Truth never damages a cause that is just — Mohandas Gandhi
And so Barack Obama takes the presidency. A congratulatory note to the American people for choosing leadership continuity. We must take this moment to recognise the smooth and painless electoral process that sees Obama with another opportunity to effect change domestically and internationally. Presumably he finds himself in his last term with the expectation he has now less of a need to please everybody and more scope for boldness in policy direction. As Mitt Romney remarked in his concession of defeat, let us pray that it will be so in a progressive direction, especially with regards to meeting his still somewhat unfulfilled promises of hope and change.
Obama is one of only two Democrats to gain a second term since World War II. We must nevertheless draw important lessons about the importance of leadership continuity. You see, in any organisation, there is some profit in allowing leaders and administrations to see out more than one term. How else would we get to measure their performance fairly and adequately? Not only that, it is common cause that visions and programmes at senior levels require time for their initiators to see them through.
In my view, perhaps a naive one, to replace an administration that still has another term requires that administration to satisfy at least two conditions:
1. It must have adequately demonstrated to have presided over royal mess-ups
2. Furthermore it must be easily demonstrable that whoever gains political power, if it is so determined by voters, can be shown to be an agent of tangible change.
Let us then turn our attention to our situation. In South Africa these two conditions ought also to be applied in settling our leadership struggles. As things stand, swapping President Jacob Zuma for Deputy President Kgalema Motlanthe will be exactly that, a mere swap! It will be an exercise in farce.
First off, Motlanthe is second in charge and therefore in our posturing and politicking towards the leadership elections in Mangaung, let us not forget this fact: the deputy president is party to the existing policies, he is just as accountable for the efficacy or lack thereof in implementing policies.
Secondly we must demystify the matter further by asking how much better, from a policy direction and policy implementation perspective, a Motlanthe-led administration is expected to fare in contrast to a Zuma-led one. We should strongly doubt that after this sort of reflection we will continue to make emotional calls for a painful leadership change that leaves the unity of the people and the movement wounded. Let us be reminded that unnecessary leadership change, especially for dubious and frivolous short-term motivations, has the effect of setting such precedents and embedding in the movement a pernicious culture of political expediency.
In the context of our country and its realpolitik it would be healthier and make better sense to chop and change leadership so quickly if only we expected the new nominees to usher in sweeping reforms to current policies. Or better yet if we expected their capacity to implement those policies to surpass those of the incumbents’. But alas this appears not to be the case! As a matter of fact, and herein is the farce, the large proportion of the nominees can more or less be said to be the very incumbents. This is the very reason why we should expose our vehement calls for leadership change in the ruling party as political red herrings!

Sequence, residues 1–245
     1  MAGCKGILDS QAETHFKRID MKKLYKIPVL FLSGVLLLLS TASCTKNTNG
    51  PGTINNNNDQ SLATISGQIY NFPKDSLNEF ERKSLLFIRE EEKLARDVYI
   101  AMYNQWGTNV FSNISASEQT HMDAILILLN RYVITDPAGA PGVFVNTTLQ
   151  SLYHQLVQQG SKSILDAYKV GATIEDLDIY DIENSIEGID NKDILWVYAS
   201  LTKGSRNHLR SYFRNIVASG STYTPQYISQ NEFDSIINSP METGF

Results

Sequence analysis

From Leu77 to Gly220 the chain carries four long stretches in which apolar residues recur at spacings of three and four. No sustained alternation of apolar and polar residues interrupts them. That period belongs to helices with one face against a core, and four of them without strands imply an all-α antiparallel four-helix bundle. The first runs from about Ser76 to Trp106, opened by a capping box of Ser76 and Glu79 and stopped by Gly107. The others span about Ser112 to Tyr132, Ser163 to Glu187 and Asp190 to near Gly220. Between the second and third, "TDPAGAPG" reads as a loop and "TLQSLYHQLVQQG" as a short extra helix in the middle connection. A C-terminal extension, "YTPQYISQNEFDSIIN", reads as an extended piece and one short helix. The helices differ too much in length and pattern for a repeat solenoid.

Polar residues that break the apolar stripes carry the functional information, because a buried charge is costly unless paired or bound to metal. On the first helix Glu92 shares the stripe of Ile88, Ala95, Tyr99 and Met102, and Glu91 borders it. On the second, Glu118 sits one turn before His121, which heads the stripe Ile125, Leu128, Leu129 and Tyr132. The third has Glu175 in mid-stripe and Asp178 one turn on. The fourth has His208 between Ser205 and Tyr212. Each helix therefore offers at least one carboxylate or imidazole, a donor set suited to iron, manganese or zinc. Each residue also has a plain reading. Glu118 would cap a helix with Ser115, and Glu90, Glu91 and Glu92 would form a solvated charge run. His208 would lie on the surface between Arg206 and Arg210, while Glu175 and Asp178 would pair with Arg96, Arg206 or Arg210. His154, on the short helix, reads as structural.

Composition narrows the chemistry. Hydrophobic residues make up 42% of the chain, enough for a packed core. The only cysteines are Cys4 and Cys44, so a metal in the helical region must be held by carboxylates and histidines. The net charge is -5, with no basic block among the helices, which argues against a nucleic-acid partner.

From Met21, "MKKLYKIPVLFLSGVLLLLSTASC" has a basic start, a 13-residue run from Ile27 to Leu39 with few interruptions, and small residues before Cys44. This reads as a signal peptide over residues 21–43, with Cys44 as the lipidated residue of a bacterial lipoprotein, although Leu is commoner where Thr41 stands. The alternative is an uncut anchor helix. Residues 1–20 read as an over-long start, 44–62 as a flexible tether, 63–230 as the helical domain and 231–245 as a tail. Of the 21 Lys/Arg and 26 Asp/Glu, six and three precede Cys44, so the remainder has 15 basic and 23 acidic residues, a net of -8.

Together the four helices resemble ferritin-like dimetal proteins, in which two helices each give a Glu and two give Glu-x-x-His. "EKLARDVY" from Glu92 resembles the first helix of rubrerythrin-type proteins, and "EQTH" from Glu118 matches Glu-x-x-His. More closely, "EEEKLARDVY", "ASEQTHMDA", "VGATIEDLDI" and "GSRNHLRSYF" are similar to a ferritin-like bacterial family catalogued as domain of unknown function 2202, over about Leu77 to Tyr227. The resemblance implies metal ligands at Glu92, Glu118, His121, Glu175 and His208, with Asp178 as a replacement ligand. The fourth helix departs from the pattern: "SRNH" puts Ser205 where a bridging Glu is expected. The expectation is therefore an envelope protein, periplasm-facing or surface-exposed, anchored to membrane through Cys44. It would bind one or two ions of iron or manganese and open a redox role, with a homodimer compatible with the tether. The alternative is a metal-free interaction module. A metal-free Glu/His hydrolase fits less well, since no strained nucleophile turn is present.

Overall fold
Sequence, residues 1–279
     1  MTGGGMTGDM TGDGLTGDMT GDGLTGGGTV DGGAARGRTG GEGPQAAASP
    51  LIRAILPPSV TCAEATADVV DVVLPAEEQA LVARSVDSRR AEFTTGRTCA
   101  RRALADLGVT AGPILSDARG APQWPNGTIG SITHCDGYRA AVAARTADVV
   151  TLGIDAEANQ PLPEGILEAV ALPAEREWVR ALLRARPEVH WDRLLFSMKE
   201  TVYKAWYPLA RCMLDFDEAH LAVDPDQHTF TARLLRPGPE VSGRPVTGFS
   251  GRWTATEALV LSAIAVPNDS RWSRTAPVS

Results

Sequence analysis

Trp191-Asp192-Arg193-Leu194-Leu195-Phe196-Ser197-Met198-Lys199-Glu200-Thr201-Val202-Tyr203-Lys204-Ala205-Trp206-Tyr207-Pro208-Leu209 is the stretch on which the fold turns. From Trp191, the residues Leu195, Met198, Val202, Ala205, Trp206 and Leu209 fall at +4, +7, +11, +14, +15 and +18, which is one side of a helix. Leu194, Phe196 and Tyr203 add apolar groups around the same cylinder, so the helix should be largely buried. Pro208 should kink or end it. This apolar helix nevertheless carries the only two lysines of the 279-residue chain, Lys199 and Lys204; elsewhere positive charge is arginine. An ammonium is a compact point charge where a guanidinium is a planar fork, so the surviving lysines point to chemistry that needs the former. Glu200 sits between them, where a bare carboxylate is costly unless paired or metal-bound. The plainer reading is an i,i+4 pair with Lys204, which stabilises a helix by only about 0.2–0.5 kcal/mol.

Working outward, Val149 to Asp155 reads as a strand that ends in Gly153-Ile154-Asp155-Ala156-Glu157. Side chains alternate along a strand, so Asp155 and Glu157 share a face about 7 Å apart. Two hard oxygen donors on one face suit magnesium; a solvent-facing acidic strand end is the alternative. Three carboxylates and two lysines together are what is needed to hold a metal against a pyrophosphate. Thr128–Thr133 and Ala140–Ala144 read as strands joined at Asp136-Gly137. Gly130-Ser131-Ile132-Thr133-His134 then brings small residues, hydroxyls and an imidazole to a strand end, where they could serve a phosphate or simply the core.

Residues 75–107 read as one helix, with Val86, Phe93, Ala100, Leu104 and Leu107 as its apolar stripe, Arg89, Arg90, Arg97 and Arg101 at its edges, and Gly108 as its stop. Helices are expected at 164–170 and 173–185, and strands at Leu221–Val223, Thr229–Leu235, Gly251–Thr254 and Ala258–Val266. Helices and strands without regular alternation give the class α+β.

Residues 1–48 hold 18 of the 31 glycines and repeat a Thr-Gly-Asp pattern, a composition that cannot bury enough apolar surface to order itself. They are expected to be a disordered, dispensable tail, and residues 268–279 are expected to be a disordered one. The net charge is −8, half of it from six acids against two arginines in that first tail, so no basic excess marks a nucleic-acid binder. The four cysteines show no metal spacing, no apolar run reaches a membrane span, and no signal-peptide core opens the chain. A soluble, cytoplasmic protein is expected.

The point made here must not be taken to mean the Zuma administration is not without its challenges. We all know the pitfalls this administration has suffered. We all appreciate there are plenty areas of improvement but we must recognise, with no trace of humour, that these pitfalls have been suffered and the potential improvements thereof, by default, apply equally to the so-called “new” leadership being punted.
In saying and asking these things, we must of course concede that any administration has its challenges. On this, then, political maturity and political honesty will come into its own when we concede that this will be the case with Motlanthe at the helm or Fikile Mbalula as the ruling party’s secretary — for they are already members of Cabinet.
Let us take lessons from history. Let us take lessons from what we see to be working around us. A case in example is the Chinese. Of late their system is seen to be beginning to reap some success. The Chinese embrace leadership continuity so much so that their system has fixed leadership transitions that occur every decade. And on another note also deploy very capable technocrats where necessary.
It’s important to note the American democratic system does not provide a perfect example for comparison purposes with our democracy but this should not make it impossible for us to draw lessons. It should suffice to say there is obviously a lot to be said on the subject of democratic transitions, good leadership, the strength of opposition parties and frank politics. Though such a debate must be had, and this is not my undertaking here, we must keep vigilant in questioning our decisions and actions rather than accepting to be swept by rhetorical flights of political fancy. There are lessons everywhere. Let us be decisive in our quest to take emotion and expediency out of our politics.